• The whole passage of time mechanic means people and items won’t be in the same place every day and broken bridges and structures can be rebuilt over time.
  • Some Haptic Feedback.
  • The Maisters teaching is when you get a high rank with a vocation and get a tomb to unlock a powerful new skill.
  • All interactions are voiced.
  • Nighttime is a whole new experience as it’s hard to see, ambushes are more likely, etc.
  • Food can go off and rot.
  • You can revive pawns within a time limit.
  • Every piece of equipment and items/gear weighs something and you can become encumbered.
  • Have pawns carry items for you.
  • Rift portals are where you can hire and fire pawns but it also acts as a respawn point for your main pawn.
  • Wolves can grab you and drag you away.
  • All the elements are style mechanics at play like being on fire, getting wet, etc which amplifies other abilities.
  • Big huge monsters like Cyclops and trolls can be climbed on, downed, and grabbed to move them around.
  • Seekers tokens are hidden collectibles around the world and give out unique rewards when you hit Milestones with them.
  • Central storage can be accessed from inns and homes, food stores within it won’t go off or rot.
  • Upgrade, craft, and enhance equipment at blacksmiths with materials and gold.
  • Specialization is where you can have your pawns act even more independently which is both good and bad. You have control over which specialization they learn as they can only have one.
  • Hairdressers will let you change your appearance, hairstyle, etc for a cost.
  • People will come up to you at random times and will know some of the things you’ve done or the choices you’ve made.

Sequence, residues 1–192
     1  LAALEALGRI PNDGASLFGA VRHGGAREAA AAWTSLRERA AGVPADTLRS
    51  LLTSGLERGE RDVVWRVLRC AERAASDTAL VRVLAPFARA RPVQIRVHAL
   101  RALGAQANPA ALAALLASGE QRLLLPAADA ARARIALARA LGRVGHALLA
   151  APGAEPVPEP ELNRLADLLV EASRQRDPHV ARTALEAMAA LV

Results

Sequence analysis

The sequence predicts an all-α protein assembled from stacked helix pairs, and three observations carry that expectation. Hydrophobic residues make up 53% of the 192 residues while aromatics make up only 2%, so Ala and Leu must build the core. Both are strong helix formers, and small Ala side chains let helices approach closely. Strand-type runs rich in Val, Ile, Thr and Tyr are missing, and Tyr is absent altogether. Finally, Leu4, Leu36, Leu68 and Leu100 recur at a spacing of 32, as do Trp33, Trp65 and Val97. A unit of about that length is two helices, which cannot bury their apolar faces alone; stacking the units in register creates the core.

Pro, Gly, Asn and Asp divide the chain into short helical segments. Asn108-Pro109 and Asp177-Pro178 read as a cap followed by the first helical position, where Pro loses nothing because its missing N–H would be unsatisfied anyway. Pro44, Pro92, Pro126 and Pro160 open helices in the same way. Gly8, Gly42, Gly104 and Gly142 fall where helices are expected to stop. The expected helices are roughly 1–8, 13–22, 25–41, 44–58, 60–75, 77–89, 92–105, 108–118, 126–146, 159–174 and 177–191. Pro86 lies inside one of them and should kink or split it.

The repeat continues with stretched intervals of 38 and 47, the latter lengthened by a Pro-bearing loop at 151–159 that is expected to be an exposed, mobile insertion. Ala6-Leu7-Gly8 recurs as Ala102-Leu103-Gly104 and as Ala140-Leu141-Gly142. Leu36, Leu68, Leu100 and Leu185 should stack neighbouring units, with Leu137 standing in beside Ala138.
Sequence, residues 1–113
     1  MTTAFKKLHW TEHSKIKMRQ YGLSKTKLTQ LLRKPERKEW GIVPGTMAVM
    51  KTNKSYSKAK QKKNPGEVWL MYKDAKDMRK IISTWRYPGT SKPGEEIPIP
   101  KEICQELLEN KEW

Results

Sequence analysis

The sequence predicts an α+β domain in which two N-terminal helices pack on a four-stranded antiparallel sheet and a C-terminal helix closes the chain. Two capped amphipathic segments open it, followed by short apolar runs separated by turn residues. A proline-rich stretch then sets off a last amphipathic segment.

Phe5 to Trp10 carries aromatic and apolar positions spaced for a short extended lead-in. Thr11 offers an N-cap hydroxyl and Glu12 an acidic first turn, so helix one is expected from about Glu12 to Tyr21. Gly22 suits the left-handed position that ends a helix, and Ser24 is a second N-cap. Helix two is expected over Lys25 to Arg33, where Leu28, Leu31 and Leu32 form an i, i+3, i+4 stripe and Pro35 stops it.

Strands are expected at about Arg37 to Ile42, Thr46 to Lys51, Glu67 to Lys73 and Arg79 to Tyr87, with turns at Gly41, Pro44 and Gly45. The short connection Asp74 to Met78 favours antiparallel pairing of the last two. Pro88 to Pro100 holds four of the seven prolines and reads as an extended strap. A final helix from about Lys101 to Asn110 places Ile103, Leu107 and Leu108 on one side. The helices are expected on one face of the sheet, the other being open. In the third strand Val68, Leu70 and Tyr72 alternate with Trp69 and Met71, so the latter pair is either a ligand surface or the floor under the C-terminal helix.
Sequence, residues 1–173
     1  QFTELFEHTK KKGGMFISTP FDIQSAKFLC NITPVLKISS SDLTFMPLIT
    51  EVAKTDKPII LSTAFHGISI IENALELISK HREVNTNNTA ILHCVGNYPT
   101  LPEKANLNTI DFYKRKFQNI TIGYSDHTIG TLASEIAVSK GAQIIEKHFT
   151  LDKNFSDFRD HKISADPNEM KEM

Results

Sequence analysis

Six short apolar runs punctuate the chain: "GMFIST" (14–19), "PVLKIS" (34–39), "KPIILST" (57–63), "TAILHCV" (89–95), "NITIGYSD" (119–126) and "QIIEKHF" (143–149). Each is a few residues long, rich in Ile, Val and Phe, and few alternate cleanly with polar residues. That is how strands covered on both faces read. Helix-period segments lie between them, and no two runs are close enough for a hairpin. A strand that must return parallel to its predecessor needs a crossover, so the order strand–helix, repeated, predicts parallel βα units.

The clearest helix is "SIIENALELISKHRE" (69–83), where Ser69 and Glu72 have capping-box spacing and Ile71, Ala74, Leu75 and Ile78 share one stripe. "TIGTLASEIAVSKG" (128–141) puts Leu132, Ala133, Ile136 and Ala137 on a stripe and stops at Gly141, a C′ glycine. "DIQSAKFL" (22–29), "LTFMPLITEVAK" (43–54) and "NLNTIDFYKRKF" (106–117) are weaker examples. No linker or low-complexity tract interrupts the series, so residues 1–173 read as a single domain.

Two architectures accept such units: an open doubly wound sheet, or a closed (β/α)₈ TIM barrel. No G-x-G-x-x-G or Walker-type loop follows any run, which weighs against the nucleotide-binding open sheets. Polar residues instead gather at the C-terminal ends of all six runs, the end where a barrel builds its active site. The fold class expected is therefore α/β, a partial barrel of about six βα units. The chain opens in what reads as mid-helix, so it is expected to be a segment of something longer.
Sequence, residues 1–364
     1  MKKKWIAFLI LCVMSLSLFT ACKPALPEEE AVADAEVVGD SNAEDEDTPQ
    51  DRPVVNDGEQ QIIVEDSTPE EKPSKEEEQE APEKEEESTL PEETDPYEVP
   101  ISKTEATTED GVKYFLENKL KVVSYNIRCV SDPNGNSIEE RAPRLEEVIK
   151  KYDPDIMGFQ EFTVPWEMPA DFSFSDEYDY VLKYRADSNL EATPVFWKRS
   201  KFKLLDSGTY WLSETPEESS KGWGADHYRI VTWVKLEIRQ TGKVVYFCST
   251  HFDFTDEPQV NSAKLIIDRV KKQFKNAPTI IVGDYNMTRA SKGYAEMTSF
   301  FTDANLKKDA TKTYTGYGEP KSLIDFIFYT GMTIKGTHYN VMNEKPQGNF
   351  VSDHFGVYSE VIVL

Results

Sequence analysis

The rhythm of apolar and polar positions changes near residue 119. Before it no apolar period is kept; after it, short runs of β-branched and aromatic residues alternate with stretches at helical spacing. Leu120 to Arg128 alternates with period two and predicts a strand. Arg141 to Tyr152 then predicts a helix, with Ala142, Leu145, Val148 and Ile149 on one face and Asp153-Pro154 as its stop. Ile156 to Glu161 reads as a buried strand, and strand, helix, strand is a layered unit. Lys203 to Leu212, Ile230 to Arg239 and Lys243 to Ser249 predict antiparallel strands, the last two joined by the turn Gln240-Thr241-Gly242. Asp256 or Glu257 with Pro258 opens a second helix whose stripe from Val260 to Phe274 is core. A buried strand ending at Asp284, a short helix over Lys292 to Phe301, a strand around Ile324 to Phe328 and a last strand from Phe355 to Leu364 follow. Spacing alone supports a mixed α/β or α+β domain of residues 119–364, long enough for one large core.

• Golden trove beetles can be found and these increase your weight capacity.
  • Ox carts act like taxis and can cart you around for a fee. It can still be ambushed even when dozing off.
  • When getting pawns from other players they can share information or suggest a route, at this point, you can choose to follow them.
  • Combat is mental once you get the hang of it and get your mojo and items right.

Dragon’s Dogma 2 Review Cons:

  • Horrible amount of microtransactions.
  • A lot to take in.
  • Slow starter.
  • The in-game pause menu is never-ending with its branching options.
  • The performance is not always flawless with a slowdown and stuttering.
  • I am not a fan of anything you drop off your character will always go headfirst and try and do the most damage possible to themselves.
  • It took a long while to feel like I actually got what the game was offering and knew what to do.
  • Surprisingly the game doesn’t offer a diverse stable of enemy types with them all looking the same.
  • You have to be so precise with regard to the interaction prompt showing.
  • Pawns repeat themselves a lot and can be very chatty.
  • Had the game checkpoint as I was dying so I just kept dying over and over and instead had to lose a load of progress to spawn back at an inn.
  • Had a lot of hard crashes.
  • Never actually sure when the game was last saved.
  • Paw conversations can get very grating.
  • You feel like you are just constantly taking in new mechanics and quests without realizing it.
  • The game just takes so long to get going so the first handful of hours is tedious combat and long treks across the world.
  • Enemies constantly respawn back and it makes simple treks a real slog.
  • Pawns can die so easily especially as the water is instant death.